This paper contributes to extant research on green human resource management (HRM) relying on the instrumental value of stakeholder theory, which implies that stakeholders impact on company decisions and their development of organizational resources and performance. Following that theory, the study conceives green HRM practices as a set of management processes that companies implement for responding to stakeholder pressures on environmental issues. Accordingly with those premises, we empirically test the distinct role that different green HRM practices (i.e. green hiring, green training and involvement, and green performance management and compensation) play in mediating the relationship between pressures on environmental issues from two specific external stakeholders (i.e. customers and regulatory stakeholders) and environmental performance. Our findings, based on a multi-respondent survey in which the respondents were Human Resource Managers and Supply Chain Managers operating in Italy, confirm the hypothesized mediation model. Our results (as well as their implications) are discussed in light of the recent calls to broaden the scope of HRM research, considering the embeddedness of the company in a socio-political context and exploring the role that actors and factors outside the company play in shaping its green HRM practices.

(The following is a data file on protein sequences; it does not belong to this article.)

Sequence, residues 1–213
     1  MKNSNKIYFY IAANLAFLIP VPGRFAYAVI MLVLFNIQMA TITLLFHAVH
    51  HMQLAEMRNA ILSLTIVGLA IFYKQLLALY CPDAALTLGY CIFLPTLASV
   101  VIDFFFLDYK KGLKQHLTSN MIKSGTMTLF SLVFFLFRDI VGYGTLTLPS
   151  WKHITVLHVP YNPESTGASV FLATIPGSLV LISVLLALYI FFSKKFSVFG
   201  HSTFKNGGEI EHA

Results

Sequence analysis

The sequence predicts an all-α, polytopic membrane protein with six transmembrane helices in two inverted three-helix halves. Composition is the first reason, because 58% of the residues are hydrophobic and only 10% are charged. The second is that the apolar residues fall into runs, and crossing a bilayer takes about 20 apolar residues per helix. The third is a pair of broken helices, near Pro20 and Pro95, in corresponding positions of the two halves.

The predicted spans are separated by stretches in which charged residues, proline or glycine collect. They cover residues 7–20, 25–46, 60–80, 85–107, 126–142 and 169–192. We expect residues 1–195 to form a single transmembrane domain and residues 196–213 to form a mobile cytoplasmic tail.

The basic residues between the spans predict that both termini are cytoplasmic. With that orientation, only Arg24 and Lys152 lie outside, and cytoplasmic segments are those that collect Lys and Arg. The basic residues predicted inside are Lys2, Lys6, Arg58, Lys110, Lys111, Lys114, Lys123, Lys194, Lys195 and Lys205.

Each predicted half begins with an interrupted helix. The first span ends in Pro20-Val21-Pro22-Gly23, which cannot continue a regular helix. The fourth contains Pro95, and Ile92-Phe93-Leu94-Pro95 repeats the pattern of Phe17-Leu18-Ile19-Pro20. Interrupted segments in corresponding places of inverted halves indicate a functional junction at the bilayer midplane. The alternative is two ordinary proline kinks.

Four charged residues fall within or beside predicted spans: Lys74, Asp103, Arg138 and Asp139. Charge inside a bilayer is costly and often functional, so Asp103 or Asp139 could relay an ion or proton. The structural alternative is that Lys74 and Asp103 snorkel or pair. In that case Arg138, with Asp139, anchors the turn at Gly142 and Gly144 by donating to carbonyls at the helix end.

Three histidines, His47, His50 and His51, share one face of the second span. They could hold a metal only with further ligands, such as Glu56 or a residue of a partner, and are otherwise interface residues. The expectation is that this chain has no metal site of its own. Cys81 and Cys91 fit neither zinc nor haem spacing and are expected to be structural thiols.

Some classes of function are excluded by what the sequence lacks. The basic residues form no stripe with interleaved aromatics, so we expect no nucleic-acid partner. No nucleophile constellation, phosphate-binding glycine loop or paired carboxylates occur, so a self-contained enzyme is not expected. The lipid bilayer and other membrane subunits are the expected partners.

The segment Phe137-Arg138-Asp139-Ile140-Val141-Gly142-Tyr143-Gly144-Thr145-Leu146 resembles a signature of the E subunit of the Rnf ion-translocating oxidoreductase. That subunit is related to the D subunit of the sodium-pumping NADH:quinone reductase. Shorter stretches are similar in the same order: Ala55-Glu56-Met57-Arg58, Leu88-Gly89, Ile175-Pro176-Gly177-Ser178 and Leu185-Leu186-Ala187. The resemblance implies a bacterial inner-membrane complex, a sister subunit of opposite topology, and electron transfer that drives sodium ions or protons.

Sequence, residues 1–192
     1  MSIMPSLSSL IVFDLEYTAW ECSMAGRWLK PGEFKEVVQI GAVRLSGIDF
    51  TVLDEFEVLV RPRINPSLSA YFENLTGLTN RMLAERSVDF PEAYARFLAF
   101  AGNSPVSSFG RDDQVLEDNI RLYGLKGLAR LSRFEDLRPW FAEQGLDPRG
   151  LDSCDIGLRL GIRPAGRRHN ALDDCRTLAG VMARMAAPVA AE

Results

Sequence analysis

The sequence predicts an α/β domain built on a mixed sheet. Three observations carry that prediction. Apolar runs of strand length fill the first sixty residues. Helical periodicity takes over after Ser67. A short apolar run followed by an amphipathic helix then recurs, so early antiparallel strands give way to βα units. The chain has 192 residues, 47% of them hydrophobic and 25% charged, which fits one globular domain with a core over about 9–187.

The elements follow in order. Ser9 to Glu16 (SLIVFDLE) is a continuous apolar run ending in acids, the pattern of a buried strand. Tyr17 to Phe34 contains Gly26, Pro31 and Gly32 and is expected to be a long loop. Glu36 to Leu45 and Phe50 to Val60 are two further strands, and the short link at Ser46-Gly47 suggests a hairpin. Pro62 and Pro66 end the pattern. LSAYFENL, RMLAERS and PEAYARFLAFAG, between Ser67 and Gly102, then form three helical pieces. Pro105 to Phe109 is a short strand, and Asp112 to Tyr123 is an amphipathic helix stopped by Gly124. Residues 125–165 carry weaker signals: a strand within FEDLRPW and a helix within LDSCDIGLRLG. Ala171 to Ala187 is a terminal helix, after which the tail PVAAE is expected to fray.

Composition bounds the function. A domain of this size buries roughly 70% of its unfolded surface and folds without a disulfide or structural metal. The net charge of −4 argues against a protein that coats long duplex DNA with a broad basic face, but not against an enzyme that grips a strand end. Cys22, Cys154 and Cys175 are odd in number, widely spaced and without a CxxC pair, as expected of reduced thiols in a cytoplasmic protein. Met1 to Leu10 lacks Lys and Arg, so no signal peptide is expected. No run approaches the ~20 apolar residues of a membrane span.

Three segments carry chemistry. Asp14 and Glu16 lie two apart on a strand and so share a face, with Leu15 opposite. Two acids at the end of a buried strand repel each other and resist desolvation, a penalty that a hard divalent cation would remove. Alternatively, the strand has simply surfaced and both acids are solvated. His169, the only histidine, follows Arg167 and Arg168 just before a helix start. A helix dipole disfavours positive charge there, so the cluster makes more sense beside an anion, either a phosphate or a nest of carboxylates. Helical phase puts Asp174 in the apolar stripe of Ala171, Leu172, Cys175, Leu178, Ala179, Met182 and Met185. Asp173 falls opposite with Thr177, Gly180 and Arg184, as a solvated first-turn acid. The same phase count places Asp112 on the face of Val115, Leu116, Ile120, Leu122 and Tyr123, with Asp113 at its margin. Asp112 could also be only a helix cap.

|Nombre de pàgines||28|
|Revista||International Journal of Human Resource Management|
|Estat de la publicació||Publicada - 1 de gen. 2016|